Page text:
Jordan Peele hasn’t ruled out hosting new Twilight Zone series
In a new interview with Variety, Academy Award winning writer Jordan Peele confirmed that the new Twilight Zone series, the third revival of the classic anthology series, will feature somebody in the role of the host that Rod Sterling previously held in the original 1959 version.
Though the series will feature a host, Peele also discussed that no one has filled the role and that he himself is resisting taking it, as his face is so well associated with comedy that he worries it would take away from the more serious tone of the show. However, the Get Out director hasn’t fully ruled it out yet either.
“The realization, for me, was that it was an opportunity to attempt to continue with Serling’s mission,” Peele said. “If we approach it without ego and sort of bow to Serling, that will hopefully suffice for our fellow Twilight Zone fans but also bring back a show that I think is needed right now. Because it’s a show that has always helped us look at ourselves, hold a mirror up to society.”
Jordan Peele’s Twilight Zone series will be produced by CBS Television Studios in association with Jordan Peele’s Monkeypaw Productions and Simon Kinberg’s Genre Films. Jordan Peele, Simon Kinberg, and Marco Ramirez will serve as executive producers for the series and collaborate on the premiere episode. Win Rosenfeld and Audrey Chon will also serve as executive producers. Production begins on the series later this year.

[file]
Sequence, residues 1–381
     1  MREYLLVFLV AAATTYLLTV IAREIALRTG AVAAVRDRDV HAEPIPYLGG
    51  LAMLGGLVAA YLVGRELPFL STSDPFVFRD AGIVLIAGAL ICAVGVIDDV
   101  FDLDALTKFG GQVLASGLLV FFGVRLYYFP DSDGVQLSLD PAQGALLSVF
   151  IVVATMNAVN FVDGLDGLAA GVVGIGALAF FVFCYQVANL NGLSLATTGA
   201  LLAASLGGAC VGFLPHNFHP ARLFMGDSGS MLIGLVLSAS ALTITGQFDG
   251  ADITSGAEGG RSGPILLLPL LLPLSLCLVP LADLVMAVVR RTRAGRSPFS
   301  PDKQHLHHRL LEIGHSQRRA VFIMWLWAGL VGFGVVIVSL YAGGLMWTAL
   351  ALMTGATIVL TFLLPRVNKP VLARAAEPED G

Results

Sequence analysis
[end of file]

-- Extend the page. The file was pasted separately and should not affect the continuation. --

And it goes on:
The original The Twilight Zone took viewers to another dimension, a dimension not only of sight and sound but of mind. Created by Rod Serling, it was a journey into a wondrous land of imagination for five years on CBS, from 1959-1964. The godfather of sci-fi series, the show explored humanity’s hopes, despairs, prides and prejudices in metaphoric ways conventional drama could not. In 1983 Steven Spielberg produced a big budget anthology film version, Twilight Zone: The Movie, directed by Spielberg, John Landis, Joe Dante and George Miller. The show was revived by CBS in the 1980s and ran for three seasons, helmed by the likes of William Friedkin, Atom Egoyan and Wes Craven. It was revived again on UPN and hosted by Forest Whitaker in 2002 for one season. Another revival was attempted in 2012 with Bryan Singer (X-Men: Days of Future Past), who was to develop, executive produce and direct.
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